2019News

Easing of foreign equity limit pushed

By Ben O. de Vera, March 11 2019; Philippine Daily Inquirer

https://business.inquirer.net/266446/easing-of-foreign-equity-limit-pushed?utm_expid=.XqNwTug2W6nwDVUSgFJXed.1

Image Credit to ABS-CBN News

The economic team is pushing to amend the 1987 Constitution to lift investment restrictions enshrined in the charter and further open up competition for both local and foreign investors.

“We are working on getting a proposal to Congress so that we can hold a constitutional convention, not so much to focus on the political side, but actually the more important part, which is the opening up of investments,” Finance Secretary Carlos G. Dominguez III, who heads the Duterte administration’s economic team, said.

“We are very keenly aware of the negative effects of our very restrictive policies with regards to foreign investments in the Philippines. Since the beginning of the administration, the President has been very vocal about opening up the economy and we have done it in all the administrative ways we are allowed to do by our Constitution. We are opening up as much as we can administratively, [but] there are portions of our Constitution that still limit the opening up of foreign investments,” the finance chief said.

Dominguez later told reporters that the economic team was reviewing the pending legislation in Congress to change the Constitution, although he admitted that there might be not enough time to pursue it during the three-week lame-duck session after the May 13 midterm elections.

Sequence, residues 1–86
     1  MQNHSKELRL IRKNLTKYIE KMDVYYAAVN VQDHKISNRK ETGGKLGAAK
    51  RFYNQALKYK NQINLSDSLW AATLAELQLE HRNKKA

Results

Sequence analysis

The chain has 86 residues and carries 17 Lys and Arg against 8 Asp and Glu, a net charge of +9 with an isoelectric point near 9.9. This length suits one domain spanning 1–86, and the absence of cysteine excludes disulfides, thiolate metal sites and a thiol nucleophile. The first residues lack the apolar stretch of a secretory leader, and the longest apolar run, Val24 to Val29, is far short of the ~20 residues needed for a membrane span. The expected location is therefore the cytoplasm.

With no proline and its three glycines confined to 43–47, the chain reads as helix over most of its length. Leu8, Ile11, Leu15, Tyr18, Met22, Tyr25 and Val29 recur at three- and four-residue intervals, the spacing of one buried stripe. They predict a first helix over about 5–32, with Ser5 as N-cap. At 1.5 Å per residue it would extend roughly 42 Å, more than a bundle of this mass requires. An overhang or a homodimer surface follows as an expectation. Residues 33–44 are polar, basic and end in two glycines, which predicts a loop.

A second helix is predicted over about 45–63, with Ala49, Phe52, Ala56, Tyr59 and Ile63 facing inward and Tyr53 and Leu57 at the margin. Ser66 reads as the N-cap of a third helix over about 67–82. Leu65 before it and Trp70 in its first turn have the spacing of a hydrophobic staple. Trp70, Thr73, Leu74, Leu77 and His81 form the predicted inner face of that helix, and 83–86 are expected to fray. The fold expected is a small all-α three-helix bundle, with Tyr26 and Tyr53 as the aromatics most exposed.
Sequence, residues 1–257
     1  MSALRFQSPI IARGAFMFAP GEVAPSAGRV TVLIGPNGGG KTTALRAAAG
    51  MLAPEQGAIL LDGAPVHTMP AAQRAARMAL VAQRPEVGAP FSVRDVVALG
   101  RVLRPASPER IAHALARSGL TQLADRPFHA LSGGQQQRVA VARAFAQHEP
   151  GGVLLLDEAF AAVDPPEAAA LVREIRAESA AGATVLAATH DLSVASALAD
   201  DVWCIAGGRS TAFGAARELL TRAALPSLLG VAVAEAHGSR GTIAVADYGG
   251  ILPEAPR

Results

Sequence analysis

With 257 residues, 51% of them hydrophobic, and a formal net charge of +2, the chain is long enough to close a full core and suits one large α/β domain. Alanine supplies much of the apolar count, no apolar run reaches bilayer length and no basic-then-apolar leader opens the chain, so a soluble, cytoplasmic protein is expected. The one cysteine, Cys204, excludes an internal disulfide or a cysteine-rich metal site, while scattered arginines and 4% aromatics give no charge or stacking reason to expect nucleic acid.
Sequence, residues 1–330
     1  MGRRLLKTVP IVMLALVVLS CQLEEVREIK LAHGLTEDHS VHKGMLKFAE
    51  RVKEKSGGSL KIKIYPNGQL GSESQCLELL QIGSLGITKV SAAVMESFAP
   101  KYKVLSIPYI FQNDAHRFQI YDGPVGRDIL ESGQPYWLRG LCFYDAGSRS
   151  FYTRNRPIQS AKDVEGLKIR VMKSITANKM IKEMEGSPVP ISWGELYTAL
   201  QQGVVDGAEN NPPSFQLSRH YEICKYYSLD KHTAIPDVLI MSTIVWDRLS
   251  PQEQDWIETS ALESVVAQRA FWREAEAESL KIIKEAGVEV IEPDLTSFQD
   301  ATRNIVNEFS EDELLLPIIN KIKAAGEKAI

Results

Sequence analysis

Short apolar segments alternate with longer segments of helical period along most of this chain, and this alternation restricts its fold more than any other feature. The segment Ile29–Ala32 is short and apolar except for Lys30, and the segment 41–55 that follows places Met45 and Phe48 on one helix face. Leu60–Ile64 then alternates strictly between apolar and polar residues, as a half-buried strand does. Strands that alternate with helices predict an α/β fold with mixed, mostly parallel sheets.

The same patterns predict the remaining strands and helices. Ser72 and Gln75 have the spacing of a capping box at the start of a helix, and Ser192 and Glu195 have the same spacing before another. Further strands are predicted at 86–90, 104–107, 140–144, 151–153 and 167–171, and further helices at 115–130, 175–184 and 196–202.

Dominguez said they were hoping to have the measure approved by both houses in the upcoming 18th Congress.

“We want a regime that will introduce more competition in the Philippines. That was the comment of the World Bank—we lack competition here, and that’s true, right? That’s why we are moving to the third telco player, why we’re introducing a lot of competition here,” Dominguez said.

Noting that the about 85 percent of investments are being poured by domestic firms, Dominguez said greater competition was expected to boost local investor interest.

“Let’s focus on the bulk, okay? Foreign investment is nice but that’s icing on the cake—that is not what’s going to make this country move forward, it’s the domestic investments,” he said.

For his part, Socioeconomic Planning Secretary Ernesto M. Pernia said in a statement last week that amendments to the Public Service Act, the Foreign Investments Act of 1991 and the Retail Trade Liberalization Law were “vital” to attract new investments and cut expansion costs here amid slowing manufacturing growth.

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